Hello Christian Loved the article. Well researched. Somebody had mentioned Jason Gillespie's dad not wanting Howard either. He is divisive.

ICC reaching US?????

@Midnight_Blues..wake up Rip Van winkle..baseball does not fill up the stadiums,,cricket is way way over the heads of US americans. please get out of that shoe box.

Am glad he got egg on his face. Who next Kevin Rudd?

Posted by ashish514 on (July 8, 2010, 7:33 GMT)

Here we are discussing the moral correctness or lack of it in the whole incidence while for both the sides it's all about power. CA wanted Howard as president to curb India's dominance while the south Asian block opposed it coz they knew it wud. We would never know whether Howard would have been a good president or not. But his success would not have been completely dependent on his own competence as the BCCI still calls the shots. Agreed that his election may have affected a slight tilt in the in the power balance, but not to the extent of the olden days when England and Australia treated world cricket as their property. The situation today with BCCI holding the reigns is as bad and undemocratic as it was in those days. And making the ICC a democratic, independent and powerful organisation is now more difficult because the source of BCCI's power is the cricket crazy audience in India, unlike Aus or Eng whose source of power was their cricketing legacy and dominance of whites.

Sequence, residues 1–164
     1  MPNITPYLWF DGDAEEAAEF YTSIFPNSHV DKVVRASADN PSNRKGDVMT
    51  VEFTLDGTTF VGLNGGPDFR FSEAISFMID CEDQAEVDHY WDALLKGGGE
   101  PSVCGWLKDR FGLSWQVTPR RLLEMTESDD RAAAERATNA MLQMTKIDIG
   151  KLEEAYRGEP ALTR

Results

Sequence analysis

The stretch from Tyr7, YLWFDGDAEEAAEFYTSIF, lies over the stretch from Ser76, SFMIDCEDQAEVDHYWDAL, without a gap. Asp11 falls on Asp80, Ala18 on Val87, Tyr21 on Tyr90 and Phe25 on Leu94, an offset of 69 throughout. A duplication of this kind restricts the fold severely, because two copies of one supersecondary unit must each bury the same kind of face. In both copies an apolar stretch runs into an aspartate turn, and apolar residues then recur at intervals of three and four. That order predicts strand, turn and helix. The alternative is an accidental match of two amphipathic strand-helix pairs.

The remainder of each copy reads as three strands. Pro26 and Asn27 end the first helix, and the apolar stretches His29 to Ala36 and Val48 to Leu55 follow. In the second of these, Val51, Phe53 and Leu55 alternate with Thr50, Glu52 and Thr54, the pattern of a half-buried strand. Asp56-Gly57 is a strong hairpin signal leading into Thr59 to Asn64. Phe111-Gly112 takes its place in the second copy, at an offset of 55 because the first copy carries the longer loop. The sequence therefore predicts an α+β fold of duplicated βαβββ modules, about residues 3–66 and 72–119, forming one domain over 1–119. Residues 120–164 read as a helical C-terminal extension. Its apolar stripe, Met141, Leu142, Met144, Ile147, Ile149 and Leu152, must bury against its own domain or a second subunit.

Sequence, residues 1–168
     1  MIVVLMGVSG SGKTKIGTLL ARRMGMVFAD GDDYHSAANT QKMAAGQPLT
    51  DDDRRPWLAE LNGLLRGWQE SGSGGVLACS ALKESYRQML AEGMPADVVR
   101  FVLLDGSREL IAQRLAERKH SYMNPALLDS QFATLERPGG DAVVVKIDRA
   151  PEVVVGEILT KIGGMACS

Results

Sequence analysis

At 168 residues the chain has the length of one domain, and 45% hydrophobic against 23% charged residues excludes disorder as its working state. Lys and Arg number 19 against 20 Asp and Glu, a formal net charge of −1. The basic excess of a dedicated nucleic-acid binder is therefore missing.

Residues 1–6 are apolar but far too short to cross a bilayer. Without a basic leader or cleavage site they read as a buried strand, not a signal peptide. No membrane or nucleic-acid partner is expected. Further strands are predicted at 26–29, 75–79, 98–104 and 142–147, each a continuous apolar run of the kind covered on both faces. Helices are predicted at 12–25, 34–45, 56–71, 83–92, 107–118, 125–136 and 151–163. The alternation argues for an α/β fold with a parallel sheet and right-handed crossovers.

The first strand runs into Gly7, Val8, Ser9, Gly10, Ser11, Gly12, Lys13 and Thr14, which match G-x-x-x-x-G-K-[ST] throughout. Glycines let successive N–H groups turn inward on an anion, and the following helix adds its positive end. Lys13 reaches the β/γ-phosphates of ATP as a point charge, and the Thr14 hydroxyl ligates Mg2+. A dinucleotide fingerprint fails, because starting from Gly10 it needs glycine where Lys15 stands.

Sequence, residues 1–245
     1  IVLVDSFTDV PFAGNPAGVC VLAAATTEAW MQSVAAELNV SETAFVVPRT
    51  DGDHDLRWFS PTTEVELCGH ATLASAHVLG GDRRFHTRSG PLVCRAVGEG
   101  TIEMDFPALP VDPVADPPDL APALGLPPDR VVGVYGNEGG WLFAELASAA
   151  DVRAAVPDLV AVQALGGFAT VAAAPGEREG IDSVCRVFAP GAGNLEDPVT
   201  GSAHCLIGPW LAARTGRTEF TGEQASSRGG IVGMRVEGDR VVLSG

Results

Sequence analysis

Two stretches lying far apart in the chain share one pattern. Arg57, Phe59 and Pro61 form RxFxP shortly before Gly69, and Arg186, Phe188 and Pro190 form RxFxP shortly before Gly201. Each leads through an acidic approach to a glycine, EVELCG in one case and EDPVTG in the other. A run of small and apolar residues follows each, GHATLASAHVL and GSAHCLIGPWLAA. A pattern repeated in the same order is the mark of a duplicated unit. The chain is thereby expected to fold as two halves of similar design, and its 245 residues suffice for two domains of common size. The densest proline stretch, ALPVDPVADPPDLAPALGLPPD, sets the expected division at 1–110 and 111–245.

Posted by redneck on (July 8, 2010, 7:29 GMT)

@BhuvG dont take everything on face value mate! australia is ranked 2nd behind only norway for standard of living by the UN. if what the auther was saying was true there is noway australia could achieve such a high standard of living! on a side note with this pawar bloke in india being the minister for food no less in a nation that has quite a large percentage of its citizens living in poverty what has he done to help these less fortunate indians????? probably less than what the auther is saying howard did with the indiginous australians! but yet wheres the article slinging mud at pawar???? the fact the nation voted howard back in a couple more times after the events the auther brought up to me suggests that most australians didnt agree with christians take on that issue!